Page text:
Standard operating procedures and Innovation
This week we continue the discussion on building a successful and sustainable business. I will focus on how to deliver consistent quality while accommodating innovation, which allows continuous improvements and consequently, continued market relevance. In my last trip to the US in October 2017, I was told that 90% of the restaurants that open, shut down within a year. It is not difficult to imagine why this can happen. You see, knowing how to cook, does not necessarily equip you to run a restaurant or to provide meals on a commercial basis. This is because, when you go commercial, several processes come into play, to be able to deliver in a consistent and sustainable way. You therefore need to follow standard operating procedures (SOPs) to deliver consistent outputs.
For instance, when you start a restaurant, people begin to identify a taste with your brand and each time they patronize you, they expect to enjoy the very same taste. A consistent output, is only possible if the exact same quantities of ingredients are used every time. This requires that everything is measured and timed to ensure the same output all the time. Other operational processes such as supplies, storage, order reception, delivery/service, cleaning, décor, costing etc, all have to be consistent too. Consequently, knowing how to cook is therefore just one aspect of an entire value-chain that needs to work efficiently and consistently with other aspects of the process, to deliver a sustainable and excellent customer experience. Having standard operating procedures (SOPs) facilitates sustainable out-put consistency. Many entrepreneurs are also faced with the challenge of high staff turnover, which easily leads to differences in customer experience or deliverables. To avoid this, SOPs also make it easier for new staff to maintain the same standards as previous staff, as they have guidelines to follow. Another advantage of having SOPs is that it makes it easier for entrepreneurs to train staff for the roles for which they have been engaged.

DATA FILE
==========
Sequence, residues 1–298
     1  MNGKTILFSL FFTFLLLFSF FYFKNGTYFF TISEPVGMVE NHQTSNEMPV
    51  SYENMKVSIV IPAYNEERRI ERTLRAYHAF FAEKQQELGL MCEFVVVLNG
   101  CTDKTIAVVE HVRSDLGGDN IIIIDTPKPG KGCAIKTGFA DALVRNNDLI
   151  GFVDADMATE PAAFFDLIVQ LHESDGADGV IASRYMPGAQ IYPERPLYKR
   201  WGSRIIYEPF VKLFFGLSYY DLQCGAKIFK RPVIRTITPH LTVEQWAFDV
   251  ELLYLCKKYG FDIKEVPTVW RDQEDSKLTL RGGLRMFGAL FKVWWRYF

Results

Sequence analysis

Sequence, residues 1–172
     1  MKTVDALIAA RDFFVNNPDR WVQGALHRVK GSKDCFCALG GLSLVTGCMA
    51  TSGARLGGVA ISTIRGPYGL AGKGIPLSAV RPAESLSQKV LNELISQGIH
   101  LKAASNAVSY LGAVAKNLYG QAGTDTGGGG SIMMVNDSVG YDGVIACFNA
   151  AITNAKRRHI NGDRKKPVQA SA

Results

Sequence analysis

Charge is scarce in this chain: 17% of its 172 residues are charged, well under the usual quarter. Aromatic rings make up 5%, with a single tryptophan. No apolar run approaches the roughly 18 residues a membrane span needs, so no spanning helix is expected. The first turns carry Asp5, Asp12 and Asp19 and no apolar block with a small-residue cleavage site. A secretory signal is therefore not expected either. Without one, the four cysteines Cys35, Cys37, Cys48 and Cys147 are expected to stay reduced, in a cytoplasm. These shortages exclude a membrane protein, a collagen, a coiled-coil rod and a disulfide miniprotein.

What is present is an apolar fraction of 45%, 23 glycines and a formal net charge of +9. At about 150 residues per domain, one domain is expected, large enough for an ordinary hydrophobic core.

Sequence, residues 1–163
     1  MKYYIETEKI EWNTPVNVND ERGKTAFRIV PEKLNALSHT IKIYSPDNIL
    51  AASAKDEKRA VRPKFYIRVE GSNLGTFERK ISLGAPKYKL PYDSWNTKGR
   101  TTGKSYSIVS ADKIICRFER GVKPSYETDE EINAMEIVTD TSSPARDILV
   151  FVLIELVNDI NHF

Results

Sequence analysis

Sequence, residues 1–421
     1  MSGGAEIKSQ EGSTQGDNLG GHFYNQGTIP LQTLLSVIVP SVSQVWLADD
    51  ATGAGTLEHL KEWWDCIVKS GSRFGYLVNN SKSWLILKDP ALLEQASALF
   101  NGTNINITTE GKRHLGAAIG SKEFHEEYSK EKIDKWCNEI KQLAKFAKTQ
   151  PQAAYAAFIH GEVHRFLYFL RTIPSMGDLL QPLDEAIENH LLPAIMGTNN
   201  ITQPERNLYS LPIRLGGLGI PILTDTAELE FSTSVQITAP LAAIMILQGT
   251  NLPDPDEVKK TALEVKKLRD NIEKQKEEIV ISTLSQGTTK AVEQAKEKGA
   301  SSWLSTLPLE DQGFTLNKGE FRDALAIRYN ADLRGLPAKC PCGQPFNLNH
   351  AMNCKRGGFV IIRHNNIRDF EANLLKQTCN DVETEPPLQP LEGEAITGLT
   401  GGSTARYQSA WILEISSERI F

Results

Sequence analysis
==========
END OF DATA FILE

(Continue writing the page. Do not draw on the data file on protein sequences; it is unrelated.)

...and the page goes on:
Coordinating all the processes that allow a business deliver effectively to customers can be overwhelming as business grows. Indeed, many entrepreneurs are faced with this situation. They start a business because they have a skill and do not realise all the other aspects of the value-chain required for consistent delivery. Growth happens upon them and things begin to spin out of control. If care is not taken, the business can crash from overwhelming demand because it has not developed the capacity or processes to meet such demand. Apart from having SOPs, another way to avoid this problem is avoid this problem is to buy a franchise, which allows one learn from an already winning formula. Another alternative is apprenticeship, which allows one to learn from practicing in a similar business, before starting independently. So going back to our restaurant example, if you wish to own a restaurant, you start by working in one for some time. Similarly, if you want to run supermarket, it will help if you to work in one ahead of starting yours. Even when there are software available to assist with this, there’s the human angle that cannot be completely codified as people are unpredictable. Apprenticeship, thus exposes you to more facets of a business, especially the various possible behaviours of staff, that cannot be foreseen or coded in any software, and it Is extremely important to know how to manage these behaviours. In addition, you can also learn what not to do, based on what you observed while apprenticing. After gaining some experience through apprenticeship, an entrepreneur is better equipped to design SOPs that incorporate improvements or close the gaps observed while working.